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Here is the latest Utah news from The Associated Press at 7:40 a.m. MST

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SALT LAKE CITY (AP) — A man has been arrested on suspicion of murder and other crimes in the death of his 74-year-grandfather whose body was found by firefighters after a fire at his home. Police say 28-year-old Maxwell Wolcott was arrested after allegedly telling investigators that he forced his way into Peel's house and stabbed him. An arrest document says he returned a short time later to douse his grandfather's body in lighter fluid “with the intention of destroying evidence.” It's not clear if Wolcott has a lawyer. Neighbors reported the fire after hearing screaming and seeing flames.

MIDWAY, Utah (AP) — An otherworldly frozen kingdom has made its annual winter debut in Utah. The Daily Herald reports Midway Ice Castles feature ice walls and tall towers that take 10,000 man hours and tons of ice and snow to create. New additions this year include a light garden featuring ice structures with lights shown through them, ice caves, a waterfall and a maze. The ice castles are typically open until mid-February, but unpredictable weather always makes the attraction’s closing date an unknown.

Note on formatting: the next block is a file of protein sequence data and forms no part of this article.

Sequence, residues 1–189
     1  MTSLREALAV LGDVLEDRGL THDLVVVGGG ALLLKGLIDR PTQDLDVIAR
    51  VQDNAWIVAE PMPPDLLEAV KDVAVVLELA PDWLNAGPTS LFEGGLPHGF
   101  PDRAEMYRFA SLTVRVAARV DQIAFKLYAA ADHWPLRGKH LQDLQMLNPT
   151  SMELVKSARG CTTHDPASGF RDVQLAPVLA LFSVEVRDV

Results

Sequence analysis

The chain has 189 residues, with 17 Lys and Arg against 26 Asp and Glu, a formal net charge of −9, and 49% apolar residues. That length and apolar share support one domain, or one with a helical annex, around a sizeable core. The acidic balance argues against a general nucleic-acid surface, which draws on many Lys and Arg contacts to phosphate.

RENO, Nev. (AP) — A group that advocates for protection of wild horses says a federal agency didn't provide adequate notice of a weeks-long roundup planned to begin Monday in Nevada and Utah and is asking for a postponement. The American Wild Horse Campaign says the Bureau of Land Management is violating the public's First Amendment rights by not announcing the helicopter-assisted roundup until Thursday afternoon and by not allowing public observation of the roundup until its second day. A BLM spokesman didn't immediately respond to a request for comment Saturday but the agency said previously in a statement that the roundup would be conducted safely and efficiently and was intended to protect public lands.

SALT LAKE CITY (AP) — Rare salt formations are being documented for the first time on the shores of the Great Salt Lake, and they could yield insights about salt structures found on Mars before they disappear for good. They’re showing up now in part because water levels have been lowered by drought and water diversion, exposing more shoreline. That leaves more places where water can bubble up to the surface from warm, sulfate-rich springs. A mineral called mirabilite separates out when the water hits the cold winter air, eventually forming into crystal spires and terraces. The structures are expected to dissolve as the weather warms up.

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